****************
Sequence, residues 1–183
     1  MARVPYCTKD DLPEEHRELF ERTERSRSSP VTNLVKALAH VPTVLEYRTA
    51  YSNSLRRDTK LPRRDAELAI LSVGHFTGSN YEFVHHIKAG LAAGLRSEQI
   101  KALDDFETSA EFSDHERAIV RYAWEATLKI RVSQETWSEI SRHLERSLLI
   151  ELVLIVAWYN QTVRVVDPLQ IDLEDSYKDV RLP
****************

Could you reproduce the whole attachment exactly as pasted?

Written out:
Sequence, residues 1–183
     1  MARVPYCTKD DLPEEHRELF ERTERSRSSP VTNLVKALAH VPTVLEYRTA
    51  YSNSLRRDTK LPRRDAELAI LSVGHFTGSN YEFVHHIKAG LAAGLRSEQI
   101  KALDDFETSA EFSDHERAIV RYAWEATLKI RVSQETWSEI SRHLERSLLI
   151  ELVLIVAWYN QTVRVVDPLQ IDLEDSYKDV RLP